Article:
Courts blocked Trump’s public charge rule. Immigrant advocates say the proposal had a ‘chilling effect.’

 

The Trump administration this summer proposed a rule that would have made it harder for people to get green cards if they had been using government assistance like Medicaid, housing vouchers or food stamps — or if they were deemed likely to use those programs in the future.

The so-called public charge rule was set to take effect on Oct. 15. Instead, courts issued temporary injunctions to stop the rule four days before it was due to kick in.

But advocates who provide social services to immigrant communities say some immigrants started forgoing government benefits long before Oct. 15 — even if the rule would have never applied to them. Advocates call this the “chilling effect.”

“We’re talking about people here, who are in our community, who are contributing to the community but living in fear and not providing for their family out of fear that that is going to impact their immigration status,” said Hope Nakamura, an attorney with the Legal Aid Society of San Mateo County.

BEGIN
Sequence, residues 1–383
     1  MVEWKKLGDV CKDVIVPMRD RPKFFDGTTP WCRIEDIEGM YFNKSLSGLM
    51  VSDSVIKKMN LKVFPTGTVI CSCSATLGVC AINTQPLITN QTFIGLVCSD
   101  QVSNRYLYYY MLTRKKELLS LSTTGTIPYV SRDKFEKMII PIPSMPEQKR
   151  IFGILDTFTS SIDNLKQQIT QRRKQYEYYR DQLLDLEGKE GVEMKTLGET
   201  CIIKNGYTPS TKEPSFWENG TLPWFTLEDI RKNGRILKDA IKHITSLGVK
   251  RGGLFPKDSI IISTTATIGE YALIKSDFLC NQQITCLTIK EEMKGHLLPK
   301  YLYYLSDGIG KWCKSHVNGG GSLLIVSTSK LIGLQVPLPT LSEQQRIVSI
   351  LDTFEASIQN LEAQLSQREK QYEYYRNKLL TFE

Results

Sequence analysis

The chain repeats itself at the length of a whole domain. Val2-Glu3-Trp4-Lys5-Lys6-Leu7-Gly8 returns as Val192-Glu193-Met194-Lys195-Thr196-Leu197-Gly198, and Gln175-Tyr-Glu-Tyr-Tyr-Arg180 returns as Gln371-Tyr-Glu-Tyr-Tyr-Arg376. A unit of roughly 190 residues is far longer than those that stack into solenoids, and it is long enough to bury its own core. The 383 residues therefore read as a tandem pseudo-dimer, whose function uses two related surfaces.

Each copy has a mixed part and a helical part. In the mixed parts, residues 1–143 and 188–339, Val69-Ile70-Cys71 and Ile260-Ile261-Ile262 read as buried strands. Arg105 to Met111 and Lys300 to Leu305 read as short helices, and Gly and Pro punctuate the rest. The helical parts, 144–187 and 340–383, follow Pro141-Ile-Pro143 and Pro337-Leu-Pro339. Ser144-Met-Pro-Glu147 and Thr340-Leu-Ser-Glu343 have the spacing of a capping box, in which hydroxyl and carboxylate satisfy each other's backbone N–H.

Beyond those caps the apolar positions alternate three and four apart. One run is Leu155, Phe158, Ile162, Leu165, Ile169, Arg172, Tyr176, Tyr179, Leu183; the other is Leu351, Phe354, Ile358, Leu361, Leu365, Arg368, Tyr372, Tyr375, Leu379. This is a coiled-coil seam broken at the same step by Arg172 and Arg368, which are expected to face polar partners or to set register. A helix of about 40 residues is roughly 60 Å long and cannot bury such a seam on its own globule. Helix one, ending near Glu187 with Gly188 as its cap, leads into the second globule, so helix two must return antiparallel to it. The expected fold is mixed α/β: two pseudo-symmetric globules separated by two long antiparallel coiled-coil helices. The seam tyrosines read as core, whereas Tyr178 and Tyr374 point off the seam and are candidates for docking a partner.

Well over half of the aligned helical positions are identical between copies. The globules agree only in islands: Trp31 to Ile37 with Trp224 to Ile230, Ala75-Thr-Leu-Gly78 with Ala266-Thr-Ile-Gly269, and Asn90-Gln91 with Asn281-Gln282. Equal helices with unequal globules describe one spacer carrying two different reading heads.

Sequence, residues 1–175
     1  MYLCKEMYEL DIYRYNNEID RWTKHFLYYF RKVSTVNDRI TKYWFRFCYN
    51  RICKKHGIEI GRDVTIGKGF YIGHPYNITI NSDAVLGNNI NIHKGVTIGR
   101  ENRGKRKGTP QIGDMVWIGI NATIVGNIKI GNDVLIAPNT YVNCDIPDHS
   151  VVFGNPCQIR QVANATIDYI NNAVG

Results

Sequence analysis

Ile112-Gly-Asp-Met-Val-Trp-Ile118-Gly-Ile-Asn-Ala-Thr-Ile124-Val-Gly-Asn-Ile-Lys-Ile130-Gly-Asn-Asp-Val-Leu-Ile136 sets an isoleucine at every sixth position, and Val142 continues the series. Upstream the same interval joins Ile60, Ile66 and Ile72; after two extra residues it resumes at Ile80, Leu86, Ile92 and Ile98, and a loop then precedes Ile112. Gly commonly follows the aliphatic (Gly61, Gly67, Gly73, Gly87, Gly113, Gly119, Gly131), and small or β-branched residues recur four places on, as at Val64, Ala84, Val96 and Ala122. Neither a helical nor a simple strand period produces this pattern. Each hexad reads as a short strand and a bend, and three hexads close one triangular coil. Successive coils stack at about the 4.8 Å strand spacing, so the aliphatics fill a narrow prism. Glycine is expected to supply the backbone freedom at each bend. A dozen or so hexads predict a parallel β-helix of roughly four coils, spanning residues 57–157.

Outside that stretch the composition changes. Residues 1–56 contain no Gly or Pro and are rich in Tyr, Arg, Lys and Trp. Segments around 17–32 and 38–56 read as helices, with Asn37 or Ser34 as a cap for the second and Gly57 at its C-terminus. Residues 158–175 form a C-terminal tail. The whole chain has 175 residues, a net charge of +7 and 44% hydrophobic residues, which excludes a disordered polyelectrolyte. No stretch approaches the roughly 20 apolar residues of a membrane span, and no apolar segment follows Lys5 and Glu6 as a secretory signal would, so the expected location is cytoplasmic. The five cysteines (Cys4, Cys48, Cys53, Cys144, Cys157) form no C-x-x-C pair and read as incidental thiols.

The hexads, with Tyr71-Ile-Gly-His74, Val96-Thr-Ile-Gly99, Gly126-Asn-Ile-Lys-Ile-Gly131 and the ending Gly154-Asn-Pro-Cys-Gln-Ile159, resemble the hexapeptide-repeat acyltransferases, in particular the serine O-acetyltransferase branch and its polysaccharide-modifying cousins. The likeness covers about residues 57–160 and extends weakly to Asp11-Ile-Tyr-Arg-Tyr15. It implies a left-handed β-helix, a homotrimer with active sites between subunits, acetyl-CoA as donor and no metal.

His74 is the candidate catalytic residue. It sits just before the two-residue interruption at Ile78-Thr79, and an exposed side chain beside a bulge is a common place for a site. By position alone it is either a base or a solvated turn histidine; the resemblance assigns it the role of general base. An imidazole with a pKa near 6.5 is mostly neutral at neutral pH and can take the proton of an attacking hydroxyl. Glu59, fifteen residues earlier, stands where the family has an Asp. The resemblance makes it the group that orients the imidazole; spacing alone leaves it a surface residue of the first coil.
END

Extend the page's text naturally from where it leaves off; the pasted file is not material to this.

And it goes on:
For more on the local impact of the public charge rule, listen to the podcast above.

A billboard about the public charge rule at a bus stop on Page Mill Road in Palo Alto, Calif. on Oct. 5, 2019. The billboard directs people concerned about the proposed rule to call a San Mateo County help line.

A billboard about the public charge rule at a bus stop on Page Mill Road in Palo Alto, Calif. on Oct. 5, 2019. The billboard directs people concerned about the proposed rule to call a San Mateo County help line. (Amy DiPierro / Peninsula Press)